Latin edit

Etymology edit

Deformed from coquīna (kitchen), from coquō (I cook). According to another interpretation, resulting by cluster simplification of a pre-form *kokʷlīna, from suffixed *kokʷ-el-īna, from the same verbal root that gave coquō.

Pronunciation edit

Noun edit

culīna f (genitive culīnae); first declension

  1. kitchen
    • c. 27 CE – 66 CE, Petronius, Satyricon 2:
      Qui inter haec nutriuntur, non magis sapere possunt quam bene olere qui in culina habitant.
      Whoever is nurtured by this will not be so much tasteful as fragrant as someone living in a kitchen.
  2. (by extension) food

Declension edit

First-declension noun.

Case Singular Plural
Nominative culīna culīnae
Genitive culīnae culīnārum
Dative culīnae culīnīs
Accusative culīnam culīnās
Ablative culīnā culīnīs
Vocative culīna culīnae

Synonyms edit

Derived terms edit

Descendants edit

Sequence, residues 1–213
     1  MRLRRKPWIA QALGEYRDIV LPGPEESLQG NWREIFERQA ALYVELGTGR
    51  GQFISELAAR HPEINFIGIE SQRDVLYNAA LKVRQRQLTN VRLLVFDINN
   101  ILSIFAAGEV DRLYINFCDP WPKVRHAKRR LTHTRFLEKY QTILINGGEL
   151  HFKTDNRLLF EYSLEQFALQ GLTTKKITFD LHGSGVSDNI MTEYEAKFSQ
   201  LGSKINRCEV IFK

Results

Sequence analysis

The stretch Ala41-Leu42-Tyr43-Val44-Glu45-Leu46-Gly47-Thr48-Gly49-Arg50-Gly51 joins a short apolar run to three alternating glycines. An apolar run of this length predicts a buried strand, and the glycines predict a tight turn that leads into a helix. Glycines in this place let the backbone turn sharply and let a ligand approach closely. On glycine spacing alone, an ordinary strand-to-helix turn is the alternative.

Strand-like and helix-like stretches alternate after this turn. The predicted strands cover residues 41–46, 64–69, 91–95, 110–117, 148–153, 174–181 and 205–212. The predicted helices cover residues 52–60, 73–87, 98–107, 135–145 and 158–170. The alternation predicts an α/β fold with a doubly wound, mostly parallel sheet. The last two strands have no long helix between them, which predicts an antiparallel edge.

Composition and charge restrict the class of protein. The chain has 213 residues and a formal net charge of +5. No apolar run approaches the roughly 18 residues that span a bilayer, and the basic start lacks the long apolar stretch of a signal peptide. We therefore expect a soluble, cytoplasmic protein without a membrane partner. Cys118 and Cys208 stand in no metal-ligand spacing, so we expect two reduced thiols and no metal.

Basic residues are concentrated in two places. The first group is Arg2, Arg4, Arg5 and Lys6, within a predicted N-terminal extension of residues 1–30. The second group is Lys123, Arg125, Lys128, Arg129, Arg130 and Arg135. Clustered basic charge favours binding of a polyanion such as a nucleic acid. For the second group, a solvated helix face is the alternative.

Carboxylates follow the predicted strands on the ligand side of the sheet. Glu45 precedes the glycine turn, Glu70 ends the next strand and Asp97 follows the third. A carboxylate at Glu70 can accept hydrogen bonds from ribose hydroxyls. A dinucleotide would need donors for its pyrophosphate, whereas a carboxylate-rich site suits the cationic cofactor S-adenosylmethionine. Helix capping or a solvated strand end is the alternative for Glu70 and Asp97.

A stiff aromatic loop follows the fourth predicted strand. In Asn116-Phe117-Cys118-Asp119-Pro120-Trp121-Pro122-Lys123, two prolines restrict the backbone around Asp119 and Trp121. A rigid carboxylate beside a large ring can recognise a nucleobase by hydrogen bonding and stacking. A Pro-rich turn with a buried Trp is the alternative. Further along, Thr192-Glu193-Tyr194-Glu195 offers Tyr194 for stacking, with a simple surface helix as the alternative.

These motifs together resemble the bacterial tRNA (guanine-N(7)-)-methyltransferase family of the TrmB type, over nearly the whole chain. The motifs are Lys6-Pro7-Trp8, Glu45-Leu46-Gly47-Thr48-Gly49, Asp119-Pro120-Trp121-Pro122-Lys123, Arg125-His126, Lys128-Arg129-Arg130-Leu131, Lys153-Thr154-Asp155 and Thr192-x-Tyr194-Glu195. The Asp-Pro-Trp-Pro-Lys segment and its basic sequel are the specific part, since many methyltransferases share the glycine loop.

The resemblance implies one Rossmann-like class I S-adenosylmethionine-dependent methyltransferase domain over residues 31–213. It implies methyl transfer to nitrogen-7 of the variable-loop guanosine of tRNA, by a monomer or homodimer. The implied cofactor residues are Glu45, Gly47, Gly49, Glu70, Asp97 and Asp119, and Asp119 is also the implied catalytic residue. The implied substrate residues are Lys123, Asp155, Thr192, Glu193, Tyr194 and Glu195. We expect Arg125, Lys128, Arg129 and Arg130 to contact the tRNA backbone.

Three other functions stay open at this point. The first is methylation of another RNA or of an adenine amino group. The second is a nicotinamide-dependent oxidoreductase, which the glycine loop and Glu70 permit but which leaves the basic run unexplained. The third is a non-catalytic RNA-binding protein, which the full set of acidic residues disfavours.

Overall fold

References edit

  • culina”, in Charlton T. Lewis and Charles Short (1879) A Latin Dictionary, Oxford: Clarendon Press
  • culina”, in Charlton T. Lewis (1891) An Elementary Latin Dictionary, New York: Harper & Brothers
  • culina in Charles du Fresne du Cange’s Glossarium Mediæ et Infimæ Latinitatis (augmented edition with additions by D. P. Carpenterius, Adelungius and others, edited by Léopold Favre, 1883–1887)
  • culina in Gaffiot, Félix (1934) Dictionnaire illustré latin-français, Hachette.
  • culina”, in Harry Thurston Peck, editor (1898), Harper's Dictionary of Classical Antiquities, New York: Harper & Brothers
  • culina”, in William Smith et al., editor (1890), A Dictionary of Greek and Roman Antiquities, London: William Wayte. G. E. Marindin